Every month are new kernel updates, bug fixes and patches security system. If you regularly update your system, then your system gradually accumulates more the number of unused old kernels.
Thus, it is likely that the boot partition /boot on the hard drive will be filled in a certain period of time. If your /boot partition is full, you will not be able to upgrade, or can’t even do a kernel upgrade to any latest available version. In this case, it is very important to regularly update the kernel and software. For this you must have enough free space in the /boot partition. To system to function correctly, you must have enough free space on the /boot and /root partitions.
We can easily remove the accumulated system cache, unwanted packages and dependencies using the following commands:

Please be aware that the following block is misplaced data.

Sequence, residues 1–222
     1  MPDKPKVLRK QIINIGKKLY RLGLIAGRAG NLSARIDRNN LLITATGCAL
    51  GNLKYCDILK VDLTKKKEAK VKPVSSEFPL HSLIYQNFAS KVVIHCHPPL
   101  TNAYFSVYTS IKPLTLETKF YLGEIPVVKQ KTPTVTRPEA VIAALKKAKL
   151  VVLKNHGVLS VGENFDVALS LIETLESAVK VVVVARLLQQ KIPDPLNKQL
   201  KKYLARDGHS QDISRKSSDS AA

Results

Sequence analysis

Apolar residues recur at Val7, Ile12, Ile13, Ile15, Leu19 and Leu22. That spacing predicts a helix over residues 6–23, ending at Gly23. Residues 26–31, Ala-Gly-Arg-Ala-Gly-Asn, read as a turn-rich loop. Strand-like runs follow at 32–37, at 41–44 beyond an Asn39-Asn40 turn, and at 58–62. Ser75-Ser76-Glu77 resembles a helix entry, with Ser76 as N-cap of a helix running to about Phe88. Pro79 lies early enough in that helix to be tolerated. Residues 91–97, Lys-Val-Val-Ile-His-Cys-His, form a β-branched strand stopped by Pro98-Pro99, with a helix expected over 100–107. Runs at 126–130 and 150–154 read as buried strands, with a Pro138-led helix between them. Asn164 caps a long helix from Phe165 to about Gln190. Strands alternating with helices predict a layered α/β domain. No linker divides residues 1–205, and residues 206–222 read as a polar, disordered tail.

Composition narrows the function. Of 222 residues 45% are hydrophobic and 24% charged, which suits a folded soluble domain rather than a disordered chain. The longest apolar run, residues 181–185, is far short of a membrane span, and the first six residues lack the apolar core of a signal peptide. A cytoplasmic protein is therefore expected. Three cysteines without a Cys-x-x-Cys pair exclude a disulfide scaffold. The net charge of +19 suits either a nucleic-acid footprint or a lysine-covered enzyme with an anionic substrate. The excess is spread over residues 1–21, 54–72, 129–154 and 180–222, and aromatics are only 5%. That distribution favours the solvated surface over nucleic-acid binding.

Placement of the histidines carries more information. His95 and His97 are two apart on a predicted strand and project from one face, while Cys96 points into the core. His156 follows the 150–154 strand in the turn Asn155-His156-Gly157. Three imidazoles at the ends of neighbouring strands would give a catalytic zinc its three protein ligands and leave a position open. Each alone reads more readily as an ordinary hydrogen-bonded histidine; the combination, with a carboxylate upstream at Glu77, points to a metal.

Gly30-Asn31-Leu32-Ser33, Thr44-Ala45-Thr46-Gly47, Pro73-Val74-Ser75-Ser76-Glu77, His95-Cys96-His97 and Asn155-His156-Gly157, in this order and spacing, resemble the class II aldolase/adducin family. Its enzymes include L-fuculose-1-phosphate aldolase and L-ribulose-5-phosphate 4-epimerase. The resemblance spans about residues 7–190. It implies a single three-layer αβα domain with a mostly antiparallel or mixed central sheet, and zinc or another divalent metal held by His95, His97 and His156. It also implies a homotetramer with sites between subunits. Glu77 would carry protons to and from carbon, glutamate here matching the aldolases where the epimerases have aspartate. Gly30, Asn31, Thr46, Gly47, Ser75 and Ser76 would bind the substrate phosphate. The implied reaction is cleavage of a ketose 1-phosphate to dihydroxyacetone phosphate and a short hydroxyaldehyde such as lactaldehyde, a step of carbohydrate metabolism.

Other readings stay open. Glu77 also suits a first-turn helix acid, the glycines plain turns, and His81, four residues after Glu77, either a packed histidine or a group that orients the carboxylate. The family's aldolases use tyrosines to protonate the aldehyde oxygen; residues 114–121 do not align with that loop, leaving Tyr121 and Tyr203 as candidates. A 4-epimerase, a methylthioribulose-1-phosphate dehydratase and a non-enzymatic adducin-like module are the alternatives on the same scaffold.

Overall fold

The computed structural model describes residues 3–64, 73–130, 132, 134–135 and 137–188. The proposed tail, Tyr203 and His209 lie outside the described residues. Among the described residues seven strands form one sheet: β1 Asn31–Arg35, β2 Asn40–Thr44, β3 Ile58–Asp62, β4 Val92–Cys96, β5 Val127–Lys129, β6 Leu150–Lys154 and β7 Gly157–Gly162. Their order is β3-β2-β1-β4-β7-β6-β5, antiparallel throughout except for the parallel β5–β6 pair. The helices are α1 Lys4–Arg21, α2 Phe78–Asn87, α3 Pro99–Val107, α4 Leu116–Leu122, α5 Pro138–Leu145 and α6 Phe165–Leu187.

One of the developers of Ubuntu, Dustin Kirkland, responsible for the development and the product strategy was created utility purge-old-kernels, which is the safest way removes from the system the unused kernel packages of desktop and server systems, Ubuntu and therefore Linux Mint.
Installation latest version into Linux Mint:
If there is no older kernels in your system, this utility will display the following message:
The safety of the use of this utility is that it will never remove the last installed kernel, or rather, utility purge-old-kernels removes all the unused kernels, except for the last TWO – the current and the previous. But the user can override this value using the option –keep.
For example, to remove all old kernels except the 3 last, run the following command: